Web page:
As Janet Smyth – who organises the children’s books programme for the Edinburgh International Book Festival – said yesterday, away from August and Charlotte Square it can be a lot of fun to revisit events and ideas in greater detail. So that’s what they are doing, with a programme under the [extremely clever] title Booked. What’s more, we are no longer suffering from bookfest fatigue.
I arrived at Assembly Roxy with plenty of time, and as the first one there (I know…) I was not only given the choice of best seat, but was more or less led to the most comfortable seat in the place, which happened to be a high-backed leather armchair [with just the right support for an ouchy back] which I sat down in and then simply never left. (Feel free to copy this idea at other venues.)
My back and I had come for Elizabeth Laird in conversation with Daniel Hahn, on the occasion of her nomination as the UK representative for the 2016 Hans Christian Andersen award. This IBBY book award is a global one, which looks at an author’s whole body of work. Liz has written around 30 novels, translated into about 15 languages, and she has lived in several countries, including Malaysia, Palestine and Ethiopia.
Asked how she feels about her nomination, Liz said it’s ‘absolutely stunning!’ She spoke of having a couple of her books translated into Arabic, which led her and Daniel to talk about the way so many children’s books in English are translated into other languages, as witnessed by them at a big book festival in Tehran. And Daniel compared this to the relatively few foreign books that are translated into English.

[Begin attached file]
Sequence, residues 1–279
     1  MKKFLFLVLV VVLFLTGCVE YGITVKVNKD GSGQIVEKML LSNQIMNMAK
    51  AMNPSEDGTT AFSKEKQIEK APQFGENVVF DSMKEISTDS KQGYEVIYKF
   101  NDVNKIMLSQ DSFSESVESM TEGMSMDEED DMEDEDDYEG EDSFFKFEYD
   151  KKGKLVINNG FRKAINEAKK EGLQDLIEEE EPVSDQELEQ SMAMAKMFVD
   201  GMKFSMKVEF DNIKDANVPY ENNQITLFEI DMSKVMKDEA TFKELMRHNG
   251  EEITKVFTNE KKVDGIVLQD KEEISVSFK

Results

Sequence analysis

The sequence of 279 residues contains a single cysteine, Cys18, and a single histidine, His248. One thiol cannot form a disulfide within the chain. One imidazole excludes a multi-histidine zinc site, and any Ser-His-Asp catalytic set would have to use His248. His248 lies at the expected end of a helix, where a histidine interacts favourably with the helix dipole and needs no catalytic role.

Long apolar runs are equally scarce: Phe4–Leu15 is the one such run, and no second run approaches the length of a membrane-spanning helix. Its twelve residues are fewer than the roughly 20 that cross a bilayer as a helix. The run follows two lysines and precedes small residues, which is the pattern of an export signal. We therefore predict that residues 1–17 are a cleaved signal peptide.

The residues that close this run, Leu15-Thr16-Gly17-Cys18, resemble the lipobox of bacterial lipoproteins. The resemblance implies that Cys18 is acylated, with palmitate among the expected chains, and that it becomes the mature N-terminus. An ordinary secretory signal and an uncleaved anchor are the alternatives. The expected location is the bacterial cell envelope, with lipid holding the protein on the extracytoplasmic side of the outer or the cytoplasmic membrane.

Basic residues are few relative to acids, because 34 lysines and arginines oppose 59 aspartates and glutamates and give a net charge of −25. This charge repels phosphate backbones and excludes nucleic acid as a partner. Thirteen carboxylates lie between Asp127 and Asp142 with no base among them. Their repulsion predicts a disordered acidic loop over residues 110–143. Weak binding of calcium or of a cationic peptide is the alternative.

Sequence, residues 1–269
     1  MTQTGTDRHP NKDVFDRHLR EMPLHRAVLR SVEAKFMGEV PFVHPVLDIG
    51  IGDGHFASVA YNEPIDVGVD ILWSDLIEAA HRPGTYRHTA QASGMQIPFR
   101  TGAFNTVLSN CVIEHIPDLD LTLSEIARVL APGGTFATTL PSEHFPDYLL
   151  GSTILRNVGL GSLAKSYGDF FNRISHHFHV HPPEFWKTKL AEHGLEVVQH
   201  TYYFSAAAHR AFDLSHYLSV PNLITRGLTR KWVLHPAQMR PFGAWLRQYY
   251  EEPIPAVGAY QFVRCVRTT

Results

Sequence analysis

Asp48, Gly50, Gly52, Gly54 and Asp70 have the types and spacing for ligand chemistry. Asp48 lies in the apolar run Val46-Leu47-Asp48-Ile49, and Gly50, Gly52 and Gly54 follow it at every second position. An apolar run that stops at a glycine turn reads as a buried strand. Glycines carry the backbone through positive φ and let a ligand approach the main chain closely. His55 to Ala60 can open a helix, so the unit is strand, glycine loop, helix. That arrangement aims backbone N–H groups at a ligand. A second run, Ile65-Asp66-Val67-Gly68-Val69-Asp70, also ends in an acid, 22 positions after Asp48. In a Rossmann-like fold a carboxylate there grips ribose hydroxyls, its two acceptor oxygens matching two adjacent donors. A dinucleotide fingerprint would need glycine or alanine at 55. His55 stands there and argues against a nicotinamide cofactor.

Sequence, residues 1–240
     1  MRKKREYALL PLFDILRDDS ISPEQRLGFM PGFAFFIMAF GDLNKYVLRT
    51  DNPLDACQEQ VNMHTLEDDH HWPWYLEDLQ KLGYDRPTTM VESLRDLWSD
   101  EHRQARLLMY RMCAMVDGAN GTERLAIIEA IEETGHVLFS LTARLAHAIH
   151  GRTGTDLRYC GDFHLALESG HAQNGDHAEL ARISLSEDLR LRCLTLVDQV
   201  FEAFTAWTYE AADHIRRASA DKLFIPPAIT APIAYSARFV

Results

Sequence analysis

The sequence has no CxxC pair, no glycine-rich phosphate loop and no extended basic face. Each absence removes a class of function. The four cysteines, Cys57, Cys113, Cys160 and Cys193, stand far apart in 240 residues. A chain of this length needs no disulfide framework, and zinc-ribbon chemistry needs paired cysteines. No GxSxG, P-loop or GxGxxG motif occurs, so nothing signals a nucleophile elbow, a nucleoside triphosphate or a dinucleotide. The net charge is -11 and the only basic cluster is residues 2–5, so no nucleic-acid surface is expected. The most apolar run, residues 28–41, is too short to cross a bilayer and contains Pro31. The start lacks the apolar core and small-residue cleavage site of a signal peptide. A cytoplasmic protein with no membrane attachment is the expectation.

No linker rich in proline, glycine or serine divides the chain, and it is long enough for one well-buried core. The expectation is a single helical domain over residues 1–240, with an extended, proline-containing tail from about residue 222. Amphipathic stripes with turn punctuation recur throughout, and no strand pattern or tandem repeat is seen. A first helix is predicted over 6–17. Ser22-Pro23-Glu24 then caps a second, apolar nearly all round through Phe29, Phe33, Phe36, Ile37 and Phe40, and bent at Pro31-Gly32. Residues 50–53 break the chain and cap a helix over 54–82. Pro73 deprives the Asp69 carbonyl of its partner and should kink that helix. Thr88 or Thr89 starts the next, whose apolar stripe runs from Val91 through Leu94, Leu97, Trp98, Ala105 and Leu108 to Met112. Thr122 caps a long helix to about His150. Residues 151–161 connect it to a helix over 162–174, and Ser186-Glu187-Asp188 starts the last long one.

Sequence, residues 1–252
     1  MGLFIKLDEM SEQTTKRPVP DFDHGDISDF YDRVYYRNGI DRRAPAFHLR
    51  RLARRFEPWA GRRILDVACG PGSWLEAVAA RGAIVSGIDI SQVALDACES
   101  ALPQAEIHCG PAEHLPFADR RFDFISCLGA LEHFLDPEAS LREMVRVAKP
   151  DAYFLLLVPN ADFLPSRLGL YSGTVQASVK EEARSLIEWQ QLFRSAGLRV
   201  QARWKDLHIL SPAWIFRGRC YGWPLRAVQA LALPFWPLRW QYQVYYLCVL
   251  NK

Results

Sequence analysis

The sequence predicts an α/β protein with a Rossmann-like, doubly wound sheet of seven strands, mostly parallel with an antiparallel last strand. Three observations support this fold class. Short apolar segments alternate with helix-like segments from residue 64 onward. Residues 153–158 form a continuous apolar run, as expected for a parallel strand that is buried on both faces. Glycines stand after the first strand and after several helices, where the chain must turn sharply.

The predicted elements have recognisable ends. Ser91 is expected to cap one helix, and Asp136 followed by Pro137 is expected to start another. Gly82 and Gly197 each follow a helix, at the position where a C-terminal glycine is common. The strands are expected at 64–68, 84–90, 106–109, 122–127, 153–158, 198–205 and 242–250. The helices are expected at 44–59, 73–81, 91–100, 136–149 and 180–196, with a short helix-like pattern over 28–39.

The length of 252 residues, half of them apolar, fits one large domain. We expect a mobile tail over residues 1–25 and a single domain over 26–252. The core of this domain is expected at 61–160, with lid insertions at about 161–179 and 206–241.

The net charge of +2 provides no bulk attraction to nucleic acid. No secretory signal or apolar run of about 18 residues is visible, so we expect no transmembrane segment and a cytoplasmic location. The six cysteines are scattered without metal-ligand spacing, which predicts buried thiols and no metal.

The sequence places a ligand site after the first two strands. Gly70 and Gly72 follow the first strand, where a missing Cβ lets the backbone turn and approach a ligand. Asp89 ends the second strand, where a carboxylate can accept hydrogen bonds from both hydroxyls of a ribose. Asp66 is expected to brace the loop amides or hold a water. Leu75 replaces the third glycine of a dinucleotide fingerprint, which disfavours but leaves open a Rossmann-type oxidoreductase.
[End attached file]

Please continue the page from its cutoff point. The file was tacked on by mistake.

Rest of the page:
Janet asked if you have to be dead to make it into translation, and he said yes, or you are Cornelia Funke. From his own childhood he knows that children don’t care (possibly don’t know) that books are foreign. He grew up with Moomin and Asterix, and feels that publishers worry too much about what you can put into a book, in case it doesn’t translate well, and this goes for the illustrations too. As for the difficulty of translating rhyming verse, he says that doesn’t seem to stop Julia Donaldson’s books from selling abroad.
Liz said we don’t want child characters who do what their parents say, and Daniel pointed out that’s why we have so many orphans in books. As an example he mentioned James and the Giant Peach, where the parents are killed by a rhinoceros on page one; presumably because Roald Dahl felt he had to get it over with.
Children will engage in a story, and offer hope, endurance, forgiveness and love. Liz likes happy endings, and said that she wants to write hopeful, if not happy, endings. Children’s books should be something to remember as an adult. These days we have emasculated stories, making Grimm and Noah into tame versions of the original stories, in order not to upset.
When it came to the Q&A, no one knew what Hans Christian Andersen did when he visited Edinburgh. (Did any of you see him?) Daniel reckons this keen but neurotic traveller probably worried about losing his passport, and that he would have had a rope in his luggage, just in case. And he’d quite like to be able to read HCA in Danish.
Asked for a racy story, Liz told us her favourite about the beautiful girl and her silly husband, equally silly father, and hopelessly silly neighbour.
They talked about Liz’s book A Little Piece of Ground, which is about football in Palestine, and she finished by saying she’s not ‘holding her breath’ as regards winning the award.
I think she could. Should.
There was a signing afterwards, but not before Liz had rushed to put her warm coat on, as she must have been freezing up there on stage. I finally cornered Daniel with my copy of his Oxford Companion to Children’s Literature, ‘this lethal weapon, a nightmare,’ and it has been duly signed.